June 29, 2011

"Land Council" to Regulate Land Purchases by Foreigners in Brazil

Author: Michael Cordonnier/Soybean & Corn Advisor, Inc.

In August of 2010, the Brazilian government placed limits on the amount of land a foreign individual, company or country may purchase in Brazil. Since the limits were put in place, US$ 15 to US$ 25 billion in investments have been sidelined waiting for clarification of the new rules. For the last several months, four governmental agencies including the Office of the President, the Attorney General, the Agricultural Development Agency (MDA), and Incra (the National Institute of Colonization and Agrarian Reform) have been involved in developing the new regulations. Their recommendations are expected to be presented to the Brazilian Congress and President Rousseff in the next few weeks.

Part of the new regulations will involve the creation of a new agency called the National Land Council that will have final say over purchases of land by foreigners. Sources involved in the negotiations state that there will not be any barriers to land purchases by foreigners in Brazil if the new rules are followed. The government wants to have some control over the process, but the details of the new rules and regulations have not been fully reveled. One of the goals of the new regulations is to limit land speculation in Brazil.

It is believed that the new threshold limit above which the National Land Council will become involved will be 5 hectares, although this limit could change in subsequent negotiations. For purchases above the threshold, an investment plan will need to be presented before the purchase will be approved.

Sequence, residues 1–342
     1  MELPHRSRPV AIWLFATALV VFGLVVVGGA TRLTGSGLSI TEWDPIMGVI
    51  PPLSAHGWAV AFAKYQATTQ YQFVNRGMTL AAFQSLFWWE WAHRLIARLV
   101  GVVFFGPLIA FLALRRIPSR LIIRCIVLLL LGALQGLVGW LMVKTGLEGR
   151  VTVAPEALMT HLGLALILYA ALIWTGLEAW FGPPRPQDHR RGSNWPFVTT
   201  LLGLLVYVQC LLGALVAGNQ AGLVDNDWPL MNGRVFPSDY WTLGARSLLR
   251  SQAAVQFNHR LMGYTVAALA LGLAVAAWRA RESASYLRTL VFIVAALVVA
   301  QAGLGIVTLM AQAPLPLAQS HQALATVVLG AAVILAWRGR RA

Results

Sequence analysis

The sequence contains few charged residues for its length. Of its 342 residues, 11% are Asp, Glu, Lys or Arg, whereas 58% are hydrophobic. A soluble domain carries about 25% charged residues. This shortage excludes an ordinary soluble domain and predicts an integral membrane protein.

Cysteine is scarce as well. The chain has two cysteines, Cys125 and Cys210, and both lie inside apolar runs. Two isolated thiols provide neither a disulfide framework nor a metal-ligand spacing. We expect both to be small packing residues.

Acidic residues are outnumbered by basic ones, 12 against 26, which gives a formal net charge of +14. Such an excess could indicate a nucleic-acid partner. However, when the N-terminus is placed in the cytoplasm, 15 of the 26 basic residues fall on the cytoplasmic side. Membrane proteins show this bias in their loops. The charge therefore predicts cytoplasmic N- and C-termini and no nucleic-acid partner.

The National Security Council will also need to approve purchases of land near the Brazilian border. Purchases of land larger than 500,000 hectares would also have to be approved by the Brazilian Congress. The proposed regulations may also be in conjunction with reciprocal agreements for purchases of land by Brazilians in the country of origin of the investor. The new rules are also expected to require the true purchaser of the land be revealed and he/she will not be able to stay obscured behind a "dummy company".

The new rules will not apply to land that has already been purchased by foreigners, but prior purchases must be re-registered with the new National Land Council.

The rules that have been in place since last August of 2010 place a limit of 5,000 hectares for purchases by foreigners. Foreign purchases cannot surpass 24% of a given municipality and any one nationality cannot own more than 10% of a municipality. These rules will certainly change when the new legislation is approved by the Brazilian Congress.